Sauternes AOC is the largest sweet wine appellation in Bordeaux, accounting for 50% of all production. As the Oxford explains, “[Sauternes] is reserved for wines from five communes that must adhere to regulations stipulating minimum levels of alcohol (13%) and a tasting test that requires the wine to taste sweet.” Further, maximum yields are restricted to just 25 hL/ha (in both Sauternes and Barsac) to ensure concentrated flavors, but, again as mentioned in Bordeaux Overview, are often much much much lower.

Wines produced in Barsac AOC may be labelled as such or as Sauternes AOC (NOTE: The reverse is not true.) I’ve often heard this blanket statement, but have always wondered, do the wines of Barsac at all differ from those in Sauternes? The Oxford offers this explanation: “It is traditionally said that the wines of Barsac are slightly lighter than those of Sauternes, perhaps because the soils are more marked by sand and limestone, and because the land is flatter, but much depends on individual properties and winemaking policies too.”

In general, these botrytized wines of Barsac and Sauternes are said to have pronounced aromas singing of tertiary notes of citrus peel, honey along with tropical fruits as well as notes of vanilla from oak aging. These are full-bodied wines, high in alcohol with medium to medium (+) acidity and a sweet finish.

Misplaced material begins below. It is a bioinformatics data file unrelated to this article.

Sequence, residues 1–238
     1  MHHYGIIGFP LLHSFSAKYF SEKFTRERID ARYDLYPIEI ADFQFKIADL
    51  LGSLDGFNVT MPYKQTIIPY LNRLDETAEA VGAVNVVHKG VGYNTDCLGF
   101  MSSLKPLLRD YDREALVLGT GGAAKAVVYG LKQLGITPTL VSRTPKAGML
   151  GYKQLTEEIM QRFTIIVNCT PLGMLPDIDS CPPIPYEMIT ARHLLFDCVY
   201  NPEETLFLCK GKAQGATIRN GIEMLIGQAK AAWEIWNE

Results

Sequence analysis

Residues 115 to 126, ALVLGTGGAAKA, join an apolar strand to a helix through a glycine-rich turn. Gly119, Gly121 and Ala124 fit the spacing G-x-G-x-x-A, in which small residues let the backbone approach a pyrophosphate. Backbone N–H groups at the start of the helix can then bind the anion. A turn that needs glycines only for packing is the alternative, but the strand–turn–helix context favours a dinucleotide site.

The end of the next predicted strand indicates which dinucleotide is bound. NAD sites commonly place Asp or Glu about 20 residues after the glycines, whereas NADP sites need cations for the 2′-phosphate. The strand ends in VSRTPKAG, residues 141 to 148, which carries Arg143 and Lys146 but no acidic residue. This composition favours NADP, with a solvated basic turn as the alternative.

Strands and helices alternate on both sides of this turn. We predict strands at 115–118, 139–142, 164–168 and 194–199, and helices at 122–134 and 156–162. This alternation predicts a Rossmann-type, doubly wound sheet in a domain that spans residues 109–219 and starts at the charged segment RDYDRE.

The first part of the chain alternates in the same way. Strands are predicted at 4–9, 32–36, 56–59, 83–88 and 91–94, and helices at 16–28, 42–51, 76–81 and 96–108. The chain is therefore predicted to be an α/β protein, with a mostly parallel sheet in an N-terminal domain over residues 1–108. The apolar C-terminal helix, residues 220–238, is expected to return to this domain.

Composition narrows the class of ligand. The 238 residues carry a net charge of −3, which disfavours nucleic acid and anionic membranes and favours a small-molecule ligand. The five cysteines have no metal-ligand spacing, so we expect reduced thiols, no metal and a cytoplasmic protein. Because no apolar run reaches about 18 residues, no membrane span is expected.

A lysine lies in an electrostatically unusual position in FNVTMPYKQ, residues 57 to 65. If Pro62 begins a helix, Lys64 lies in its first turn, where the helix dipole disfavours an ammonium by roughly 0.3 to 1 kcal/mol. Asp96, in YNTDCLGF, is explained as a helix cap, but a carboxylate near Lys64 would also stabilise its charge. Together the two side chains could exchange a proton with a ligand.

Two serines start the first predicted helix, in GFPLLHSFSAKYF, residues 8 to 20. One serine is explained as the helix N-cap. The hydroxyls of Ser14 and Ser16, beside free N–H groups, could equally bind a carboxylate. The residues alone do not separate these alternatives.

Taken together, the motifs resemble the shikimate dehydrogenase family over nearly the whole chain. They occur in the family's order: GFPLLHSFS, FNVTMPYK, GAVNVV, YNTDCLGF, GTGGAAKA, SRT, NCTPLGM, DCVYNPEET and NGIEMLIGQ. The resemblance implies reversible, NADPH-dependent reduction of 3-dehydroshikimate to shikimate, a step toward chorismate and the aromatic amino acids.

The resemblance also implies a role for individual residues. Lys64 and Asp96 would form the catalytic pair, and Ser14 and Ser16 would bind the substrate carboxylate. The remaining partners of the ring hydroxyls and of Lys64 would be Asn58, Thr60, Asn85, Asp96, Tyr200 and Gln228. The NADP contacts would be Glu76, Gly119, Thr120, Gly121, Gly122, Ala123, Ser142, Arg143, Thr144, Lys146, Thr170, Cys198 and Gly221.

SAD FACT: Sweet wines aren’t so fashionable anymore, so Sauternes has been facing, what my text refers to as, a “crisis” within the last 30 years. As a result, many properties (supposedly) are making dry wines as well “as an important source of income.”

Other Sweet Wine Appellations

There are a number of other sweet wine appellations that surround Barsac and Sauternes, where sweet wine production may be based on botrytis infection or simply late harvest and maximum yields are at a whopping 40 hL/ha. The two noted in my text: Sainte Croix du Mont AOC, and Loupiac AOC.

My text also lumps Premieres Cotes de Bordeaux AOC in here, but the Atlas points out that this has typically been used for semi-sweet wine production, but “since Premieres Cotes de Bordeaux encircles the sweet white appellations of Cadillac, Loupiac, and Ste-Croix-du-Mont, it is no surprise that good sweet wines are produced here too.” Here maximum yields are even higher at 45 hL/ha (makes sense since they also produce the semi-sweet and not focused on the uber-concentrated noble rot-style wines).